Keep hammering home neuroeconomics research. As I wrote in "economics from the neurons up," neuroeconomics has a very bright and interesting future. Understanding the neurobiology of decision-making will surely impact our legal system in the years to come, as our understanding of choice, dependency and free will are called into question. This has been a major area of focus of Paul Zak's work on the neurobiology of trust which has been supported by the Gruter Institute over the years.

This line of research has broad societal implications, especially for those who believe we can significantly enhance human performance via neurotechnology. Note the fact that natural monkey behavior correlated well with near-optimal computational models. If it becomes possible to not just enable individuals to achieve a more balanced set of cognitive, emotional and sensory acuities that match the high end of natural performance, but to actually go beyond these bio-evolutionarily defined limits, then we will surely be heading towards a neurosociety where we will be faced with a new driver of social complexity that I call the "perception shift dilemma."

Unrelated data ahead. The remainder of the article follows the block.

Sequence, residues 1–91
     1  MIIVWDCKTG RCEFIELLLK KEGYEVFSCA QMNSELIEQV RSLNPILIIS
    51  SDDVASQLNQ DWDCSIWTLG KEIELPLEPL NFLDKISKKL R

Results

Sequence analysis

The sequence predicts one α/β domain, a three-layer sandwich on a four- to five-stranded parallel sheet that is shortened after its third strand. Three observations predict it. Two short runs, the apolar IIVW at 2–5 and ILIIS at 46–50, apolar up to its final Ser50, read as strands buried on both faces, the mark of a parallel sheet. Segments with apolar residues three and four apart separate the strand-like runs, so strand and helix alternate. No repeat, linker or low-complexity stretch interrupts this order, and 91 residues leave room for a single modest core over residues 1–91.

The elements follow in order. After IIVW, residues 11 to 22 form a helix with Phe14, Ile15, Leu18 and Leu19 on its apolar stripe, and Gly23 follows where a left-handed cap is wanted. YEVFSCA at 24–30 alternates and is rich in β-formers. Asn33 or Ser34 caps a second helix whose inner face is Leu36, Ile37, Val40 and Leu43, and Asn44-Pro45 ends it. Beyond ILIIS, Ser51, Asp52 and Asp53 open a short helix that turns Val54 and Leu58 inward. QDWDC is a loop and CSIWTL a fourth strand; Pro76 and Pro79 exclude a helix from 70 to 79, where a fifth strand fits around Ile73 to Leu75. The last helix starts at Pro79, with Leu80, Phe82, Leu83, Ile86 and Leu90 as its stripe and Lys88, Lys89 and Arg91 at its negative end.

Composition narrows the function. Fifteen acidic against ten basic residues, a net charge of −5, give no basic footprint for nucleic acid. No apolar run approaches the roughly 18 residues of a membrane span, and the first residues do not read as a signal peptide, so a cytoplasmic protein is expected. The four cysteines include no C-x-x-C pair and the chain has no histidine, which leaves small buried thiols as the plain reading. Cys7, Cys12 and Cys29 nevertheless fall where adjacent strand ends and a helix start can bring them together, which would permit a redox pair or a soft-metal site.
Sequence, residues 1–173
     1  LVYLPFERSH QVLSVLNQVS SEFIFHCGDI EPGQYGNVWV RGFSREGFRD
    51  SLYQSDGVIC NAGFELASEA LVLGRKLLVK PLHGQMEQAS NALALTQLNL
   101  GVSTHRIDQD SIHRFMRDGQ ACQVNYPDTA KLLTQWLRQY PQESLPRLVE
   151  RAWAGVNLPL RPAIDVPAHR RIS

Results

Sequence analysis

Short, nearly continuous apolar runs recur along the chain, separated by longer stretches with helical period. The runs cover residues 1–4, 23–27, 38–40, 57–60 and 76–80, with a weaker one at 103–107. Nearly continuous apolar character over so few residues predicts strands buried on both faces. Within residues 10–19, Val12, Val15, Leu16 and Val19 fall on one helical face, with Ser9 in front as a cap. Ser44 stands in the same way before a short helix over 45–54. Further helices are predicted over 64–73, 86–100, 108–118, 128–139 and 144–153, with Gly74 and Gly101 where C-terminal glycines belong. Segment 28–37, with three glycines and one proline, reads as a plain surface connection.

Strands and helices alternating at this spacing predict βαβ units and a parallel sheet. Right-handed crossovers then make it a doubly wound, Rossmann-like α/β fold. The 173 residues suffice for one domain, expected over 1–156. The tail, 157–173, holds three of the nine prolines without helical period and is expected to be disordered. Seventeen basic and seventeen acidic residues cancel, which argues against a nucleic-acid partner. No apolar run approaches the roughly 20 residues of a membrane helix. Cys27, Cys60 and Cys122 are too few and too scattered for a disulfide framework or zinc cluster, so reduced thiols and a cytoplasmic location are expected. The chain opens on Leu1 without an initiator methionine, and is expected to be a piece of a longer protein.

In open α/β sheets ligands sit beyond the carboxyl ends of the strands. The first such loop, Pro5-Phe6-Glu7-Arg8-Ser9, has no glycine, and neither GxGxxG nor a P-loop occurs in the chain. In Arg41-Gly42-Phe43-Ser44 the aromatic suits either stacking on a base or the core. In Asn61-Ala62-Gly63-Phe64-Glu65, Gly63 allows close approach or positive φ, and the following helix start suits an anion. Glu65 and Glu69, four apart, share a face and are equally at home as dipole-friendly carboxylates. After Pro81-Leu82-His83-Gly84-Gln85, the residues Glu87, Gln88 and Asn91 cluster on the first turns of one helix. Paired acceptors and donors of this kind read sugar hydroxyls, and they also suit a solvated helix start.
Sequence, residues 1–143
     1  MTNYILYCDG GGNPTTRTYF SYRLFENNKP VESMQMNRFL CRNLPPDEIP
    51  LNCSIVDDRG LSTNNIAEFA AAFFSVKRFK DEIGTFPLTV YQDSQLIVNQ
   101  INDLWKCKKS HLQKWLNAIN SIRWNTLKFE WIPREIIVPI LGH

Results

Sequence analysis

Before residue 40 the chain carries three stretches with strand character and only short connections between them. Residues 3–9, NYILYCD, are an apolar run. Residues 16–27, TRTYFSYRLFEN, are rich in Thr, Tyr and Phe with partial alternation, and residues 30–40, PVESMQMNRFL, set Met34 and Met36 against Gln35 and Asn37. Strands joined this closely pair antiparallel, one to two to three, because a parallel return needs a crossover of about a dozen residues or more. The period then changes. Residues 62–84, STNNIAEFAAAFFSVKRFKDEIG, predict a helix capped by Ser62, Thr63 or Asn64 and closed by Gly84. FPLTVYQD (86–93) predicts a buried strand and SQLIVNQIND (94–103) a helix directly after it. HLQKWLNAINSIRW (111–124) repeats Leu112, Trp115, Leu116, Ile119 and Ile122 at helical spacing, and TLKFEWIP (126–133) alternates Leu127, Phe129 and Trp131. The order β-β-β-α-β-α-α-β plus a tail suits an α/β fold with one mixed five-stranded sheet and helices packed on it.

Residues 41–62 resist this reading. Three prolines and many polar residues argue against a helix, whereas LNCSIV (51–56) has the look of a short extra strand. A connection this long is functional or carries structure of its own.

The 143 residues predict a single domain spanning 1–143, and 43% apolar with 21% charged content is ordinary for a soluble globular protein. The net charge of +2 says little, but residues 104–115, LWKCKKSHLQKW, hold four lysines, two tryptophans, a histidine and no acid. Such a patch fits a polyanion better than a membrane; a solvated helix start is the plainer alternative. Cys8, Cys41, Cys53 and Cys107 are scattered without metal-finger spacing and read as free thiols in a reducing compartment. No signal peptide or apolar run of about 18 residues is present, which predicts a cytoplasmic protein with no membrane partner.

But the effects will go far beyond this: to the nature and shape of the firm.

By radically reducing the spatial transaction cost of finding and sharing knowledge, information technology has played an important role in flattening organizations down from their hierarchical, industrial predecessors.

Neurotechnology will also impact the "typical organization" of the firm in its own unique ways. As we learn more about the neurobiology of trust, how people make decisions, and the many other components of human social interaction that go into everything from contract development to dispute resolution, the emotional transaction cost of doing business will drop precipitously. In my research, I have come to believe that we will see a further flattening of organizational structures and the emergence of real heterarchies.